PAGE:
Reflections on the Qinghai Earthquake

Nicole Barnes, a graduate student in the Department of History at UC Irvine, is currently conducting research in Chongqing. Here, she shares her thoughts on the Chinese media’s treatment of the Qinghai earthquake; see “I want to grow up to be a volunteer,” a guest post by Katrina Hamlin at Alec Ash’s blog, Six, for more reflections on the earthquake and youth involvement in relief efforts.

By Nicole Barnes

As the Qinghai earthquake turns into yesterday’s news overseas and begins to sink into the sea of usual economic stories here in China, I would like to reflect upon the position of 10-year-old volunteer Tsering Dan Zhou in earthquake media.

News coverage of the earthquake here in China is impressive in many ways. The programs convey the information that everyone desires, but are also clearly designed to incite sympathy and get people to dig into their wallets for donations to the Chinese Red Cross and other relief agencies. They also pointedly emphasize “social harmony” (shehui hexie 社会和谐, Hu Jintao’s favorite slogan that is a much-repeated mantra throughout the country) between the Tibetan Chinese majority of Yushu county (which, as Robert Barnett pointed out here, is a Tibetan region) and the local Han Chinese. They frequently feature 10-year-old Tsering Dan Zhou, who volunteered as translator for many of his fellow Tibetan-speaking patients who could not otherwise communicate with the Chinese-speaking doctors.

Tsering Dan Zhou

Tsering Dan Zhou and an aid worker

His heroism has been celebrated on many a news program, and he also mounted the stage in a special ceremony to give a tearful and very moving speech of gratitude to all the Chinese people who had come to Yushu to help the earthquake victims. Another Central Chinese Television news program featured a reporter entering one of the canvas tents supplied as temporary housing to four different families, asking the occupants their ethnicity (both Han and Tibetan) and whether or not they shared food and fun with their fellow tent-mates. Their positive responses prompted him to emphasize the “good relations” between the locals.

Doubtless such situations exist, and it is a good thing to point them out. However, this story of ethnic harmony is the only story that is being told. As Bruce Humes pointed out here, comments about anti-Han tensions have been taken out of news commentary.

Such television coverage proffers an unmistakable message of Han charity and good spirit, which is duly appreciated by the “good child” Tibetan who is moved to tears of gratitude. The imagery of the child is significant. As one of my neighbors here in Chongqing said to me, the government looks upon the minorities as children who need both to be well cared for, and also to learn to appreciate the parents’ hard work and sacrifices made on their behalf. In this context, Tsering Dan Zhou is both a heroic young volunteer who deserves to be recognized, and a fortuitous (for the Party) poster child of the Yushu earthquake who is being manipulated by the media. You can see a Chinese-language news feature of him on Sohu’s website.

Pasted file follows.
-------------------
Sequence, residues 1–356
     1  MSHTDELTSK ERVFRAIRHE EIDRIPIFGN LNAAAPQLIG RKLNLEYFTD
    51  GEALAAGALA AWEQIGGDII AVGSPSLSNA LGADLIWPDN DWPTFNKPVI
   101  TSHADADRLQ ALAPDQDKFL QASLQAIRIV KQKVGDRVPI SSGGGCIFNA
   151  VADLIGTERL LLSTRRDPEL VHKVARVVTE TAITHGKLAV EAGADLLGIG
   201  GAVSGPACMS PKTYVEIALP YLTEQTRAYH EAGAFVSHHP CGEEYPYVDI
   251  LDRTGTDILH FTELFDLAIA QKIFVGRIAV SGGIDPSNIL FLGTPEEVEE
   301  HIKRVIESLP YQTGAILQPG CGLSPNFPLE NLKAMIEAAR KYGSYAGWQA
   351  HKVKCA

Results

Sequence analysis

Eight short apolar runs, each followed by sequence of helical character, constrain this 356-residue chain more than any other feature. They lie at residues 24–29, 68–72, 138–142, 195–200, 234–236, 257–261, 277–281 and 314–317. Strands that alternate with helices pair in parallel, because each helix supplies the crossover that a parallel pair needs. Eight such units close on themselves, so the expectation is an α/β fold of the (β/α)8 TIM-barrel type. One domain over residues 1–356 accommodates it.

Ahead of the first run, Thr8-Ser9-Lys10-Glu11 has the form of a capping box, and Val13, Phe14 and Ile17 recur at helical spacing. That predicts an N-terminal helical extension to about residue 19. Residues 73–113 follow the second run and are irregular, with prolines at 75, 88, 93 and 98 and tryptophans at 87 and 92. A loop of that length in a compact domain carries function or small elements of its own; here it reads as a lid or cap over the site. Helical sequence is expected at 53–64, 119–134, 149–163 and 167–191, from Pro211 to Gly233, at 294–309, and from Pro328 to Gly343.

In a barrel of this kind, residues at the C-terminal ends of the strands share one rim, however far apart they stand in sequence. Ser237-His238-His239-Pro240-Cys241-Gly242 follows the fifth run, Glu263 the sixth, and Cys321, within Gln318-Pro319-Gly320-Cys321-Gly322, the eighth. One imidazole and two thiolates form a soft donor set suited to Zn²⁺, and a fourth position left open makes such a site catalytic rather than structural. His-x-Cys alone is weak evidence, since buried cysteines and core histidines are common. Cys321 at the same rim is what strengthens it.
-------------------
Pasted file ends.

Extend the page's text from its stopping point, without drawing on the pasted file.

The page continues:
Yet there is another truth to this situation. Despite some criticism of China’s relief response, thousands of volunteers have gone from sea level to over 11,000 feet to dig people out of the rubble. Many of them had to seek medical assistance when altitude sickness got the best of them, and went back to work after only a short rest. Certainly when compared with the Bush Administration’s tepid response to my own country’s largest natural disaster of recent times, Hurricane Katrina, China’s relief response was extremely rapid, given the remote location of the earthquake zone from most of the country’s population centers. Canvas tents, emergency food supplies, medical supplies, trained rescue workers, and health professionals have been sent from practically every province. Volunteers have gathered donations from citizens on the streets and in shopping plazas all around the country. It takes a massive amount of resource to muster such a relief program, which is much more readily available in a huge nation of 1.3 billion people than it would be if, say, Qinghai province were its own nation. So despite media manipulations, there is still room for gratitude toward the Chinese people, and even for reflection on the advantages of membership in a nation with such a long history of emergency relief and charity (which you can also read about on China Beat,in posts collected at point #8 on this page). As in all situations, there is no single truth about the Yushu earthquake.

Previous pieces by Nicole Barnes for China Beat include a review of Jiang Rong’s Wolf Totem and an interview with Antonia Finnane.

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